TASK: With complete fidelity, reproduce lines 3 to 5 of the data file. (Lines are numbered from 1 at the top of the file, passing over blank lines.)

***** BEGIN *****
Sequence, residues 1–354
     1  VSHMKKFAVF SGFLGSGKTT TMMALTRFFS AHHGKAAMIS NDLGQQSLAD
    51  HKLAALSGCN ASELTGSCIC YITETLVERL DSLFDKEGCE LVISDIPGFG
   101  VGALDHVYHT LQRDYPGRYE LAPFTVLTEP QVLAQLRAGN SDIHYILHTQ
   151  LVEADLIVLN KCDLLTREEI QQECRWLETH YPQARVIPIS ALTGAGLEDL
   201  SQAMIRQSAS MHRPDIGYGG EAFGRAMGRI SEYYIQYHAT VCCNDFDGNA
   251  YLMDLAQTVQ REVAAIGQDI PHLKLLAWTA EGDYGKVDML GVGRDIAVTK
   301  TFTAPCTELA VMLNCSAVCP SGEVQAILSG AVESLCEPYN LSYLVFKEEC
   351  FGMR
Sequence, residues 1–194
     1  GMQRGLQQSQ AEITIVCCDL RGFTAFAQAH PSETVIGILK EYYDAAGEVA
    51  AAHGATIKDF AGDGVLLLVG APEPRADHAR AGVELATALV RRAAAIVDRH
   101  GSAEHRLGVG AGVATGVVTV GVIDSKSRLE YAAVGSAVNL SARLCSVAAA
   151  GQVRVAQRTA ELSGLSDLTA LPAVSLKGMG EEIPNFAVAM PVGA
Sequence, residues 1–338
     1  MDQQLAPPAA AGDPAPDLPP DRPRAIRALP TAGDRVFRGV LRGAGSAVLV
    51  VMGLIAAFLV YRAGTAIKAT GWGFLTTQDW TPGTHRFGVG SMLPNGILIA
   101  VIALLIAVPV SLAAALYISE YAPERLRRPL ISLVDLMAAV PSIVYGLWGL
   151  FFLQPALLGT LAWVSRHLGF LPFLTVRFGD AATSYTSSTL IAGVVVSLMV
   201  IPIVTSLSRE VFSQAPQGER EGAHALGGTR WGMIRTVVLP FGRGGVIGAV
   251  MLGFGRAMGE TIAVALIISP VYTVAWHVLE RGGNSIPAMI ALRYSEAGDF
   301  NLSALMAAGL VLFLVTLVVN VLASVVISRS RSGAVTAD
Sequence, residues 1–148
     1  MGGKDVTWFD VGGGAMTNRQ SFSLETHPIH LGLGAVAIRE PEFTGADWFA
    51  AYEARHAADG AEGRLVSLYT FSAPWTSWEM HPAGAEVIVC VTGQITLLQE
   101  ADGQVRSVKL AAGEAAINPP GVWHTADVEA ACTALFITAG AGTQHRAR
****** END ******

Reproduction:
    51  HKLAALSGCN ASELTGSCIC YITETLVERL DSLFDKEGCE LVISDIPGFG
   101  VGALDHVYHT LQRDYPGRYE LAPFTVLTEP QVLAQLRAGN SDIHYILHTQ
   151  LVEADLIVLN KCDLLTREEI QQECRWLETH YPQARVIPIS ALTGAGLEDL